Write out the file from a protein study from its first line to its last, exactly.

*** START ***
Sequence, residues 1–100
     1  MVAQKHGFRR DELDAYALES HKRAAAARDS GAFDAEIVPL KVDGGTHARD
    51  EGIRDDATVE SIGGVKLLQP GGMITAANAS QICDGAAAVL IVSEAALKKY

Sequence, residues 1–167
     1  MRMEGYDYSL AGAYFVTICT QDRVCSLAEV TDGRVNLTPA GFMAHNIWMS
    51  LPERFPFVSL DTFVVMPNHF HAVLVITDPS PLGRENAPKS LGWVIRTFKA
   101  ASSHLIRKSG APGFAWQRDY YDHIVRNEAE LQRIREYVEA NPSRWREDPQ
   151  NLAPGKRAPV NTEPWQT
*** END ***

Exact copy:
Sequence, residues 1–100
     1  MVAQKHGFRR DELDAYALES HKRAAAARDS GAFDAEIVPL KVDGGTHARD
    51  EGIRDDATVE SIGGVKLLQP GGMITAANAS QICDGAAAVL IVSEAALKKY

Sequence, residues 1–167
     1  MRMEGYDYSL AGAYFVTICT QDRVCSLAEV TDGRVNLTPA GFMAHNIWMS
    51  LPERFPFVSL DTFVVMPNHF HAVLVITDPS PLGRENAPKS LGWVIRTFKA
   101  ASSHLIRKSG APGFAWQRDY YDHIVRNEAE LQRIREYVEA NPSRWREDPQ
   151  NLAPGKRAPV NTEPWQT